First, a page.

14.BTW, I wrote a paper explaining some of the challenges of estimating disparities, including the fact that we can’t directly measure crime. I also show in more detail why comparisons like Mac Donald’s mislead.…
15. One more super-dodgy move made by Mac Donald and others: Using the @washingtonpost database, she states that police “fatally shot nine unarmed blacks and 19 unarmed whites in 2019.” Then she proceeds to discuss those cases alone, as though they are all that matter.
16. But wait: there were 1000+ fatal police shootings in 2019 (plus killings by other means). What about all the others? By ignoring them and focusing only on the “unarmed” subset, Mac Donald implies if the victim is armed, a police killing requires no explanation.
16. This is breathtaking. ”Armed,” in this database, means having any weapon (including toy weapons) and does not mean you are brandishing it, much less that all the requirements for self-defense are met. Many cases involve police shooting a fleeing suspect in the back!
17. Don’t forget: Carrying a weapon is, subject to some limitations, a *constitutional right* in this country. It wouldn’t be if I ran the show, but I don’t. That’s the law, and I’d guess that most of the people sharing Mac Donald’s article support it.
18. Yet the Second Amendment ceases to exist when many talk about the legitimacy of police killings of black men. Possession of a weapon = justification for a government agent to kill you; no need for further discussion.
19.The last point I want to make is that none of this is really what matters (so, sorry for all the preceding tweets!). The obsessive focus of Mac Donald and others on whether police killings result from intentional discrimination misses the point of what “systemic racism” is.
20. There are many problems that the current movement is focused on: excessive force, excessive police presence generally, overcriminalization of problems like addiction and poverty, mass incarceration, militarization, a gang-like code of mutual protection among officers, etc.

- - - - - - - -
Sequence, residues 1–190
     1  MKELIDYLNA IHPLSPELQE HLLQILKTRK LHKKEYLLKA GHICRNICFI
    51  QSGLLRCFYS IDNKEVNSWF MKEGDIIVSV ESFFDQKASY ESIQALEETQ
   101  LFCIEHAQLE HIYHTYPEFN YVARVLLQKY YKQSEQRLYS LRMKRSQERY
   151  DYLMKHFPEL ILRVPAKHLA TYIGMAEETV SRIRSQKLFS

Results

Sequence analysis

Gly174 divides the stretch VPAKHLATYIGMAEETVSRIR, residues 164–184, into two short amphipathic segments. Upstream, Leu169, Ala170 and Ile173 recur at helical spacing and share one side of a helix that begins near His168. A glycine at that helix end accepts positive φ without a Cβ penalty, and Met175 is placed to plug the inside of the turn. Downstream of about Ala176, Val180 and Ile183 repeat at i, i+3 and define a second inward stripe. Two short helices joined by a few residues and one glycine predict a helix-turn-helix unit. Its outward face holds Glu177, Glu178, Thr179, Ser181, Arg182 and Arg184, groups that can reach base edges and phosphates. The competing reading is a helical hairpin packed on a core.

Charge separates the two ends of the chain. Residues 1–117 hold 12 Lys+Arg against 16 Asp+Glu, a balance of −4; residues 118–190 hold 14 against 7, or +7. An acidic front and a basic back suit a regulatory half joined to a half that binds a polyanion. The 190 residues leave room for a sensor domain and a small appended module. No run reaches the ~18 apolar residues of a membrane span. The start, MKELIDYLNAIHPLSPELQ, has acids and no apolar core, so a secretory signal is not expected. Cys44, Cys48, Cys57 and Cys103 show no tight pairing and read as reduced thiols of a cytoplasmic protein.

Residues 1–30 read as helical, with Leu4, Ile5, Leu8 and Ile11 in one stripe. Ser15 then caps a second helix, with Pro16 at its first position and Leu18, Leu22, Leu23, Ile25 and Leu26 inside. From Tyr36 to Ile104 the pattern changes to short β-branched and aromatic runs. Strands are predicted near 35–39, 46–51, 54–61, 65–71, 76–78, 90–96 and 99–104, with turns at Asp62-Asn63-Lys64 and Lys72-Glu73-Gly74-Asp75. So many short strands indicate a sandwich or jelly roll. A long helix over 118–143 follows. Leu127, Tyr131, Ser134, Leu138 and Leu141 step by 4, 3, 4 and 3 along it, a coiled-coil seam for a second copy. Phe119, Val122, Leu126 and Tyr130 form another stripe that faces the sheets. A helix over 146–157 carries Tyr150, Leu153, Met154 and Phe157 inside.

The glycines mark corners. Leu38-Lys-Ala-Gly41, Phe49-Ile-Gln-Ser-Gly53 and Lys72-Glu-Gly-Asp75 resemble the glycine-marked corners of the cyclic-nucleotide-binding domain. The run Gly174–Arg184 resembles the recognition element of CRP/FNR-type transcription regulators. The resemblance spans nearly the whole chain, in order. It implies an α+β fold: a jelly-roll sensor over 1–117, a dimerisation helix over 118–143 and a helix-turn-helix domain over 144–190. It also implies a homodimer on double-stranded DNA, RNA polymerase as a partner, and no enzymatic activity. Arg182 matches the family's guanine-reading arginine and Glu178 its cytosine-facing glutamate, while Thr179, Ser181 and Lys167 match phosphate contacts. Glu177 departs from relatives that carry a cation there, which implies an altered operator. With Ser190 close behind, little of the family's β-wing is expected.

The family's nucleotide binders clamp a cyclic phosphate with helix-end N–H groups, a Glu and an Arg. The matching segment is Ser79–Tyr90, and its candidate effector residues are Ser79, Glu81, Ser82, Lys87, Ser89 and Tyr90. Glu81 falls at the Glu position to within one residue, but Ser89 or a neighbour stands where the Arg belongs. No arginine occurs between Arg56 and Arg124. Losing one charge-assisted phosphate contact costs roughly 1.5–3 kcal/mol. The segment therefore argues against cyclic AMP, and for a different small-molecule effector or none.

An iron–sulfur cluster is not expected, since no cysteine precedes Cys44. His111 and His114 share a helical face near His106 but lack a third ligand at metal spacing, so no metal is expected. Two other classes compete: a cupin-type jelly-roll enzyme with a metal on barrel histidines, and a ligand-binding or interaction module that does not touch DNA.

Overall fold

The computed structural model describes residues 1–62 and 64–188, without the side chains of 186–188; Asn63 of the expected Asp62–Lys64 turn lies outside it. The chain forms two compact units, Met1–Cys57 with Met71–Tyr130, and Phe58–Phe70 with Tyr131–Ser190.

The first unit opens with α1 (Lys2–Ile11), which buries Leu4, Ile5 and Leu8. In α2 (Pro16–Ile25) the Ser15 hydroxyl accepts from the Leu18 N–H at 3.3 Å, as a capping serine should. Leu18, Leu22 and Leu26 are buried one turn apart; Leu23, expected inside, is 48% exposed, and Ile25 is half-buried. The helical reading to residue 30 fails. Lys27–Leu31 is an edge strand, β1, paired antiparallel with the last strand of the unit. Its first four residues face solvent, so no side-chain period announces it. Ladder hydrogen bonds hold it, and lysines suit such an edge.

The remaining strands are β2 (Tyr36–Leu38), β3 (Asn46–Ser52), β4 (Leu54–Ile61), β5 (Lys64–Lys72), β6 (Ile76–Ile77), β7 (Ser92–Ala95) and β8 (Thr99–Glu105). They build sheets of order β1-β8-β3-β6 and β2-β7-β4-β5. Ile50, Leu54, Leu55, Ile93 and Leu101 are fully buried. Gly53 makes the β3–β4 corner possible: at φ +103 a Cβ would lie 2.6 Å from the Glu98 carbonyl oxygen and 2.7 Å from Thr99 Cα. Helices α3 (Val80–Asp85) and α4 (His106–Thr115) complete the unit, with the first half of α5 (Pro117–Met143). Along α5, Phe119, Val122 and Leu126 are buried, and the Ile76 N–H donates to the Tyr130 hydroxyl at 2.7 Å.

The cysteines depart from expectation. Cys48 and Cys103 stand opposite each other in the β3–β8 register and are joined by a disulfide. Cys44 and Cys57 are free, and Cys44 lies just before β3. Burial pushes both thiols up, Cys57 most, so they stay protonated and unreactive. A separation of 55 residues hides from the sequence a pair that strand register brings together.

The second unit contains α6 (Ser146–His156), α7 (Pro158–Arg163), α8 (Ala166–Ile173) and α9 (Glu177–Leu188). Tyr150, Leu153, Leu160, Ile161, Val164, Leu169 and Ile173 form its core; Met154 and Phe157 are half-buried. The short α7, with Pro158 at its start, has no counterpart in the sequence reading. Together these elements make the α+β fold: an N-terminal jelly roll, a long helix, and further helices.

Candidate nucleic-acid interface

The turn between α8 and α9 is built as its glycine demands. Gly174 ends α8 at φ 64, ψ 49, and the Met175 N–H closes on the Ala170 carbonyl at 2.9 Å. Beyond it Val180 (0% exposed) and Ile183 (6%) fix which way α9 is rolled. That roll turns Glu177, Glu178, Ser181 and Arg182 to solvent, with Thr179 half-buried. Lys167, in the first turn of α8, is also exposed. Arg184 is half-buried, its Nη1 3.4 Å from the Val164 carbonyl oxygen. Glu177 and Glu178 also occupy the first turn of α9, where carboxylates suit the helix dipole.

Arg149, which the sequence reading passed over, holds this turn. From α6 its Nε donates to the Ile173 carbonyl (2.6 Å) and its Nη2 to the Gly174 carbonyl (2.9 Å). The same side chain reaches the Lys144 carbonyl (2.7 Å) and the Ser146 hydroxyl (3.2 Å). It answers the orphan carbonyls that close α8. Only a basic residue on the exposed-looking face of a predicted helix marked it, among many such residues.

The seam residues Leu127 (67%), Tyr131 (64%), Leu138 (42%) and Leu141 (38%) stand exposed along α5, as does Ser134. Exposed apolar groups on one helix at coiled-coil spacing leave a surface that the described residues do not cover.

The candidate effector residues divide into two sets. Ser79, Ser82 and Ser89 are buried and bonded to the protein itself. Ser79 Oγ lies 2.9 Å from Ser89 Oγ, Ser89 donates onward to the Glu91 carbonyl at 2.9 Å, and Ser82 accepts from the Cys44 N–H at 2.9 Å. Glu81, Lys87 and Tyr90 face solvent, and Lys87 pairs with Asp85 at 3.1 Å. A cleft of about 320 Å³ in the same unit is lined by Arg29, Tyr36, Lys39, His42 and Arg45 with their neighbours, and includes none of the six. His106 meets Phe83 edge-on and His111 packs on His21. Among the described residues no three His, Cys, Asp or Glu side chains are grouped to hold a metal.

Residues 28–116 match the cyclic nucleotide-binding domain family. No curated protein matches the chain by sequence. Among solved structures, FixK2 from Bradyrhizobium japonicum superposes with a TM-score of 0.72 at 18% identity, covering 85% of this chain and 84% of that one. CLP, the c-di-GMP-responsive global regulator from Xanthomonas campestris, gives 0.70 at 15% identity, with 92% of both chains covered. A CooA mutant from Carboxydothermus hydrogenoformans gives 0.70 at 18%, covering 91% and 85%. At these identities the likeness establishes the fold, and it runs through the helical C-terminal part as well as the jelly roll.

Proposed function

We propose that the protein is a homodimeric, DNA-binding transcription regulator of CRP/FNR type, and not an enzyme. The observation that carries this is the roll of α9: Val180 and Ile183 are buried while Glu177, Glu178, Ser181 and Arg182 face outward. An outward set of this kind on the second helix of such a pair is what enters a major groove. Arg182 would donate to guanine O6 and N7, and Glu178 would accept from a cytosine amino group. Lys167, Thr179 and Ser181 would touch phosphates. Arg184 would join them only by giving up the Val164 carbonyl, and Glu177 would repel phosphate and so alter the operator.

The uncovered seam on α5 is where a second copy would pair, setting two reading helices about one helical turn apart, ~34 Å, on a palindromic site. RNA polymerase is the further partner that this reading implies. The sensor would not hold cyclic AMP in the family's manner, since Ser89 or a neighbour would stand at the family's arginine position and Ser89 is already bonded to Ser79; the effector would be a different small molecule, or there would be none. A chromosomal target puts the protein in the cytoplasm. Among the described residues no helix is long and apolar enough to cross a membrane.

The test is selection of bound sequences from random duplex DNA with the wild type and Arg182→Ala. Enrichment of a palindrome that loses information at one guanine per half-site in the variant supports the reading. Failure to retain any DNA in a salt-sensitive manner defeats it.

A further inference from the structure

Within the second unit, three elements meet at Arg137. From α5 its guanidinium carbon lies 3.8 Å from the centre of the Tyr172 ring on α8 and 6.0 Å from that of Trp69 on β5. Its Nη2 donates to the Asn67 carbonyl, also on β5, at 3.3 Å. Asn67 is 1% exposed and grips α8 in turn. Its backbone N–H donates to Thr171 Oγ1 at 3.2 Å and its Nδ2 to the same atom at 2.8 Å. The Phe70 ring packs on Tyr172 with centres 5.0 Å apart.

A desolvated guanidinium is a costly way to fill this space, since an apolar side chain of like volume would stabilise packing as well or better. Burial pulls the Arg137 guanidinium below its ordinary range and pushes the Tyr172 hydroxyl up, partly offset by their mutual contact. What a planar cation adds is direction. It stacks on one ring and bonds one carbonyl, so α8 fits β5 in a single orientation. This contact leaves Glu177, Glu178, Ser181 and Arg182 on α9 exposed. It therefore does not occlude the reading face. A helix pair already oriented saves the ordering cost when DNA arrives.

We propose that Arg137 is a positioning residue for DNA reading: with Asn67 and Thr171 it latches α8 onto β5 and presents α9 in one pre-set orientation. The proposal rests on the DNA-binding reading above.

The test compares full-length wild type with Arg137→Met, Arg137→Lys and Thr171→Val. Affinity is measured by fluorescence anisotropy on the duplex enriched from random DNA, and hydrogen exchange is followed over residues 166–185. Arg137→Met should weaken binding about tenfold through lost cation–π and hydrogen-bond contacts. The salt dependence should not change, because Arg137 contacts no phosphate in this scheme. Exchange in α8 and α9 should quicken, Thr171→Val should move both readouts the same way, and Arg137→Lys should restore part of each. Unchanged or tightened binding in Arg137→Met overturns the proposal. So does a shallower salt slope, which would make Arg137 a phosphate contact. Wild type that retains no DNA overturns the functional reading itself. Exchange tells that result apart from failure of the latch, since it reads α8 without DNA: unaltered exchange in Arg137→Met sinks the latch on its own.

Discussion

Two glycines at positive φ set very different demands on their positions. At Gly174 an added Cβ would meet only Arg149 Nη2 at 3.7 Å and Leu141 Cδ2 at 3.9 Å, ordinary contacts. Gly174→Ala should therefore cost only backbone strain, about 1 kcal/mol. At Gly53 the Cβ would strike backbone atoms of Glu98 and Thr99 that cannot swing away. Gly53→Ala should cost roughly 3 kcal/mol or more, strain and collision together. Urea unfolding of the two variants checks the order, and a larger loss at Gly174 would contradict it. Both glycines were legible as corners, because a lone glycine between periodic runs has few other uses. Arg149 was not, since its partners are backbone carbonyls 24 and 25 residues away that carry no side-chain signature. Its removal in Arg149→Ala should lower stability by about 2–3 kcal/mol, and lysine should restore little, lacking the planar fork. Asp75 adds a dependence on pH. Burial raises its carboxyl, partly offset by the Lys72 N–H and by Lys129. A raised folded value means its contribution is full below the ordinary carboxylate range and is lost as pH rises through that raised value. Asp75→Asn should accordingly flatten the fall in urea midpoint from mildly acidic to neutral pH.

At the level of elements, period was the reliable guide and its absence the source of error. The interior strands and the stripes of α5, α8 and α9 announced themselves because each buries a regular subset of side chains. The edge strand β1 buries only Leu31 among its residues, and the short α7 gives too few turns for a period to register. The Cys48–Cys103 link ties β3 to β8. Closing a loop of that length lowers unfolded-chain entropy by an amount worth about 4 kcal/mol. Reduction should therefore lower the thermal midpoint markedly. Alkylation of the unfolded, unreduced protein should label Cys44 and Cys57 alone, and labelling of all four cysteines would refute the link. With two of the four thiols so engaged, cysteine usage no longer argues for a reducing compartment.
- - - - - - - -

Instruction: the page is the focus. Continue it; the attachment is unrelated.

21. All those problems are unquestionably racially disparate in their consequences. And they are deeply embedded in a society in which everything *else* also disfavors black communities
22. And those problems have led to a situation in which black people throughout the country widely fear the police rather than seeing them as a source of protection. That is a terrible and unsustainable situation, and does not help police to actually protect communities.
23. One way to think about systemic racism here: Society wouldn’t tolerate these problems if white people suffered them at the rates that black people do-if white people widely lived in fear of the police, or if 1 in 15 white men were behind bars. That’d be a national emergency.
24. None of that depends on whether Mac Donald is right or wrong in her claims about what the data show. But she’s wrong (or at least misleading and highly selective), and a lot of people do listen to her, so it’s worth saying so. And that’s it. Finally.
16.5 (skipped one, sorry!): The dismissal of "armed" cases is breathtaking. ”Armed,” in the WP database, means having any weapon (including toys!) and does not mean brandishing it, much less that requirements for self-defense are met. Many involve shooting a fleeing suspect!